Developing Multiplatform Game with Libgdx, part 9: losing the game!

Life and Death

Today we have an important day: we actually get to implement an important part of the game: the losing process. To make it simple: if player does not get out of harm’s way in time – he gets punished (his lives are reduced). After the lives drop down to zero: the game ends. Since we don’t have any fonts attached, we don’t have a way to inform the player about this. So we’ll just exit the game. Yes, pretty abruptly. We’ll deal with this later. Also, don’t freak out. I’ve replaced my horribly-drawn tiles with the ones that my girlfriend has drawn for me. You can get them in the project repo.

Modifying our Effect

First, we need to modify our warning effect so that it would inform our logic that it is actually over (timed out). In our WarningEffect class, add a public interface:

public interface WarningEffectListener
{
    public void OnEffectOver(WarningEffect effect);
};

Declare the variable which will point to the actual interface.

private WarningEffectListener listener;

Modify our init method and Create function to include the interface parameter.

public void init(int x, int y, EffectEngine parent, Resources res, WarningEffectListener _listener)
{
    super.init(parent);
    listener = _listener;
    resources = res;
    fieldX = x;
    fieldY = y;
}

static public WarningEffect Create(int fx,
                                   int fy,
                                   Resources res,
                                   EffectEngine engine,
                                   WarningEffectListener _listener)
{
    WarningEffect effect = warningPool.obtain();
    effect.init(fx, fy, engine, res, _listener);
    return effect;
}

Also, make fieldX and fieldY variables private and create a getter for them.


public int getFieldX()
{
    return fieldX;
}

public int getFieldY()
{
    return fieldY;
}

Great, this part is done. Now we only have to call it as effect ends. Modify our update function:

@Override
public void update(float delta)
{
    super.update(delta); // pass the time change
    // add an aditional security in order not to call death trigger twice
    if (timeAlive > WARNING_TIME && isAlive)
    {
        isAlive = false;
        if (listener != null)
        {
            listener.OnEffectOver(this);
        }
    }
}

To expand upon this: we’ve added additional check in our condition: isAlive should be true, this is to prevent double calls of OnEffectOver.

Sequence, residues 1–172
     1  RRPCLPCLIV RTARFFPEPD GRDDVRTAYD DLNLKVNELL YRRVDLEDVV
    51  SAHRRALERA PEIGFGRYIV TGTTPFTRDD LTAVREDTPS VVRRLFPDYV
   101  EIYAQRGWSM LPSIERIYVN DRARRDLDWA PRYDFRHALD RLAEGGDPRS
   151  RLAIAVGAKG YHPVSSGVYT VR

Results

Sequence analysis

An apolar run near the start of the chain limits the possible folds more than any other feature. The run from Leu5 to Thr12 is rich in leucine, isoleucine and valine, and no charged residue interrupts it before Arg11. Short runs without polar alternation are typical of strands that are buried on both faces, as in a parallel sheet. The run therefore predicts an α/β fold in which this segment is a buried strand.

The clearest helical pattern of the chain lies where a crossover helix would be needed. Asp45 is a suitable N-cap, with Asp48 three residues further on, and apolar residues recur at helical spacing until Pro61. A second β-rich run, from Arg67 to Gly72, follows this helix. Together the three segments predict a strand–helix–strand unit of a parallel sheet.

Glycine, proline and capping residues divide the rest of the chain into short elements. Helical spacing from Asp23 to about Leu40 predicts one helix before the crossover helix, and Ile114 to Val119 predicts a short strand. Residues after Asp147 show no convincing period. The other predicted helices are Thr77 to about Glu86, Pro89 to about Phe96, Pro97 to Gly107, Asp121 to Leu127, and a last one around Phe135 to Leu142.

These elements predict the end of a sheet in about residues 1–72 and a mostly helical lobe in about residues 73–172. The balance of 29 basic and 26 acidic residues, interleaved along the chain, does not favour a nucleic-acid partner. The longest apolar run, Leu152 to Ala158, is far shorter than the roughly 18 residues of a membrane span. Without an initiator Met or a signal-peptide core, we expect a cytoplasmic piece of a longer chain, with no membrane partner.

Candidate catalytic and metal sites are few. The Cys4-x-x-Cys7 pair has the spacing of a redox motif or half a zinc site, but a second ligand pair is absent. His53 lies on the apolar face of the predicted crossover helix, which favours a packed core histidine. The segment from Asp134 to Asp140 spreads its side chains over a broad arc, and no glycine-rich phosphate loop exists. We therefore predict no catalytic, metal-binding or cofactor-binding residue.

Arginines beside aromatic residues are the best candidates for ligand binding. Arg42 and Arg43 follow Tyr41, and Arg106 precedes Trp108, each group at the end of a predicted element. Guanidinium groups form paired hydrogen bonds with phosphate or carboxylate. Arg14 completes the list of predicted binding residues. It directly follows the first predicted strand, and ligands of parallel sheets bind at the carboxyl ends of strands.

If listener has been set (let’s leave an option not to set it, might be useful later) – call OnEffectOver and pass the pointer to this effect.

Cool, we can call our effect over checks, but we can’t reduce player’s lives yet. Because he does not have them defined. Go to our Player class. Add a private integer field that indicates the lives of our player. In our constructor, let’s pass the amount of lives our player will have.

private int lives;

public Player(int fx, int fy, Resources res, int _lives)
{
    lives = _lives;
…

Great. Now the two things we need to do is: get the amount of lives player has and reduce the lives of the player. This should not be too hard:

public void takeDamage(int amnt)
{
    lives -= amnt;
}

public int getLives()
{
    return lives;
}

Done! Now the only thing left is to modify our logic. Create a constant DEFAULT_PLAYER_LIVES (private static final int) and set it to three. Adjust the player initialization to pass amount of lives.

Make GameLogic implement WarningEffectListener. It’s quite simple:

public class GameLogic implements Enemy.EnemyAttackListener, WarningEffect.WarningEffectListener {

Press alt+enter to implement the missing method. It will be very simple. We will compare the effects position to player’s current position and if they match – reduce the lives of a player.

@Override
public void OnEffectOver(WarningEffect effect) {
    if (effect.getFieldY() == player.getFieldY() &&
        effect.getFieldX() == player.getFieldX())
    {
        player.takeDamage(1);
        if (player.getLives() <= 0)
        {
            Gdx.app.exit();
        }
    }
}

Now run the game and try to get hit intentionally 3 times. The game will exit. Not pretty (yet), but it shows the point.

Relevant commit: https://github.com/vladimirslav/dodginghero/commit/39613aa57334e37f57817c4ac53059575ad3c4f7

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